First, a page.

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Today has been declared Fashion Revolution Day in support of a campaign calling for greater transparency in the clothing industry following the catastrophic fire in the Rana Plaza factory in Bangladesh in April 2013. Whilst M&S and our suppliers had no involvement in those tragic events, the response to Rana Plaza has since created a greater focus on clothing supply chains and raised important questions across the industry about how the clothes we all wear are made and sourced. 

Back in 2009, we were one of the first companies to publish a set of Global Sourcing Principles - a comprehensive set of standards covering every element of workers’ rights and working conditions, including pay, overtime and safety. We have updated them several times since then and all of our suppliers must meet these standards in order to work with us - all of our factories are subjected to comprehensive, annual third party audits to ensure they do. We also have regional offices in all the key areas we source from and our local teams regularly visit the factories to ensure our standards are upheld. 

M&S plays an important role in the clothing industry in Bangladesh - we source clothing from around 60 factories there, some of whom we have been working with for 15 years. We know the name of every single factory that supplies us, when it was last visited, who was there and what the standards are in that factory. Whilst this might sound obvious, this is not common practice across the clothing industry. We believe, however, that this is absolutely crucial to ensuring that the standards we expect from our suppliers are maintained. 

We were one of the first companies to sign the Bangladesh Accord in 2013, and we already assessed all of our factories for fire and electrical safety. It has also always been our policy to source from single occupancy locations, so we can inspect and audit every part of the building to evaluate all the working conditions.  

I’m really proud of the collaborative partnerships we have with all of our suppliers, not just in Bangladesh but across the 50 countries we source from, and we work closely with them to improve things for the better. From time to time, our local teams may find something which isn’t up to scratch or an audit might raise a cause for concern.  We have a really clear course of action in such circumstances. The crucial thing is that we don’t immediately cease working with that supplier – such an approach is not going to drive long term, sustainable change. Instead, we work with the factory owner to help make improvements, and one of our regional compliance managers will draw up a corrective action plan and support the factory in following it. We believe we have an important role to play in raising standards across the industry, and this collaborative approach is a key part of that.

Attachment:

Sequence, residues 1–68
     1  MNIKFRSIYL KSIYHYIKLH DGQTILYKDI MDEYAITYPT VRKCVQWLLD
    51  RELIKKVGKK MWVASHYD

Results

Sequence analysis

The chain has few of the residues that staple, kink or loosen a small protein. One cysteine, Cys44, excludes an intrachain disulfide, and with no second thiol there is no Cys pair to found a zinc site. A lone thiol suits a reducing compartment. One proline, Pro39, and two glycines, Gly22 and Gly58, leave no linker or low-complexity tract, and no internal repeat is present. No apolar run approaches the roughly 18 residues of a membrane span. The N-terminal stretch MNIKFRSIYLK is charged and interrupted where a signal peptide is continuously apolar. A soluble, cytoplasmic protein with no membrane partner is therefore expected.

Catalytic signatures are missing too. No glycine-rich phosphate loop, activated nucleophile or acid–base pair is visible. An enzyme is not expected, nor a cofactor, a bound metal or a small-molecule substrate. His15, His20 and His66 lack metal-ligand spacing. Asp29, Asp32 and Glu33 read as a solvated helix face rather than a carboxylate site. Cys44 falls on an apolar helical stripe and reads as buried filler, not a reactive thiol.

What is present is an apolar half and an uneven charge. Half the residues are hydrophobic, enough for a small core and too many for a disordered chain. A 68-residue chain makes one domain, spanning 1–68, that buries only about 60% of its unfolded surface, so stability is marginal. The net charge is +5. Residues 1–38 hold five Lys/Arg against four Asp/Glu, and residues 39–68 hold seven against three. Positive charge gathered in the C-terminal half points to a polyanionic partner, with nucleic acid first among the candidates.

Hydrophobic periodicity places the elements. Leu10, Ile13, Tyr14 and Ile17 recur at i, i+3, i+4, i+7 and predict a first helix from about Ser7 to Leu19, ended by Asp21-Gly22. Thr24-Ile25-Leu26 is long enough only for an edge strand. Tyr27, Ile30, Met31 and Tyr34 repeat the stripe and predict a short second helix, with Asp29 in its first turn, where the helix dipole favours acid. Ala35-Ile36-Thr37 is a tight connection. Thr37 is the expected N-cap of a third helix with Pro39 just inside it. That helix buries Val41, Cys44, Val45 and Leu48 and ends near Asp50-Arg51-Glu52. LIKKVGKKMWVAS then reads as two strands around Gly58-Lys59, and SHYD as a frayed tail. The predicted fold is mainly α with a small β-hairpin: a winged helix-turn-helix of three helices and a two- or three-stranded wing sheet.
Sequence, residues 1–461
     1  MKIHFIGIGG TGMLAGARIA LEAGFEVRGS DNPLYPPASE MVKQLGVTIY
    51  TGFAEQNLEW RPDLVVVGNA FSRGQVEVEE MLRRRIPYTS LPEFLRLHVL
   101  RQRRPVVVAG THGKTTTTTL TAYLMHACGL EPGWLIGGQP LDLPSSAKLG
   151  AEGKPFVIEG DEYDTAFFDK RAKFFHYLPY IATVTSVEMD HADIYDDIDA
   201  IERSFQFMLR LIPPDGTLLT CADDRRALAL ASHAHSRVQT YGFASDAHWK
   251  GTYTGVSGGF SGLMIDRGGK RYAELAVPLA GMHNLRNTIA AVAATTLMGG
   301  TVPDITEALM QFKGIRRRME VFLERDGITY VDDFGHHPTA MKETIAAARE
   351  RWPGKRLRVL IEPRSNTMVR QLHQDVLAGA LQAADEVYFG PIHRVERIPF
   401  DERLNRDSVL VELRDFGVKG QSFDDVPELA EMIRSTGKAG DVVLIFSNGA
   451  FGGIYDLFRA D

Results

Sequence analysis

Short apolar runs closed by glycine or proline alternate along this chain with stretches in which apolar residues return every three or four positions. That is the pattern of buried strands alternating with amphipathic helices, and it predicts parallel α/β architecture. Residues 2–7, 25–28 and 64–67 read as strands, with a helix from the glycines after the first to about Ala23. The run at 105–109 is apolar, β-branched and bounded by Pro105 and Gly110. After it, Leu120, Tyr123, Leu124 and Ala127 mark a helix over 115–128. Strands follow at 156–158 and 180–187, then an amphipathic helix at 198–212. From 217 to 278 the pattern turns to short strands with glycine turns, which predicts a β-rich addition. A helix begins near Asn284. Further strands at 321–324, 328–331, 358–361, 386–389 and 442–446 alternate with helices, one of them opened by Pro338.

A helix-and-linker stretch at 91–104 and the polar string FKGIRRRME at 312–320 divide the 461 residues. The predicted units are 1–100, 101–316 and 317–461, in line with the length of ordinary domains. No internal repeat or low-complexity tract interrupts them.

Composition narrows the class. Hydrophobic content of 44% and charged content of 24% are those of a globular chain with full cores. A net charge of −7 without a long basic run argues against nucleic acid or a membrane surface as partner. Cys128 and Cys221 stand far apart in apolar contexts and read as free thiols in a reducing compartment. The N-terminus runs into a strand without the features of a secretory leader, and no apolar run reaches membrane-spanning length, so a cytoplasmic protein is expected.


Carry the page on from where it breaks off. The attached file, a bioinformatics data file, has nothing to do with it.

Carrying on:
Whilst these standards are central to the way we do business, we are not just concerned with ensuring a bare minimum. Under our Global Community Programme, we are working on a huge number of initiatives aimed at empowering our supply chain workers to improve their business and lives. These include projects and training to improve knowledge and skills in areas like health and nutrition, financial management, sanitation, childcare, education, employability and community leadership. But a list of projects is almost meaningless without a comprehension of their impact. Last year, I blogged about how we were trialling the use of Labor Link technology to carry out anonymous mobile phone surveys. We have now surveyed over 75,000 workers in five countries, and the surveys have become an important tool in evaluating and assessing the impact of the programmes and training we have put in place. In India, for example, we used a Labor Link survey to measure the impact of our financial literacy and inclusion programme. To give you an example of our findings, a pre programme survey showed 59% of workers surveyed had access to a bank account, with a post programme survey showing that this had risen to 79% of workers.  We also learnt that the take up of bank accounts was especially impressive among women participants, with account ownership rising from 44% to 74%. So we had reliable evidence that our progamme was working and having an impact.

The surveys are also an excellent source of information that we believe can now complement our audit programme. In China, we are trialling the surveys to gather real time data from workers on specific compliance areas such as working conditions, hours and wages. We have also used them to help us with knowledge and fact finding, such as in Bangladesh, where surveys showed that a significant number of workers’ families didn’t have birth certificates, so we devised a registration process with a local authority for workers to register themselves and their children to get them. 

Our rigorous approach to ethical standards goes far beyond ensuring mere compliance. It is about collaboration and empowerment – we understand that when people are treated with respect, work in decent conditions and earn fair rates of pay, both they, their families and their companies benefit. Ultimately, our customers benefit too, as they can have the peace of mind knowing that we are sourcing our products in the right way.

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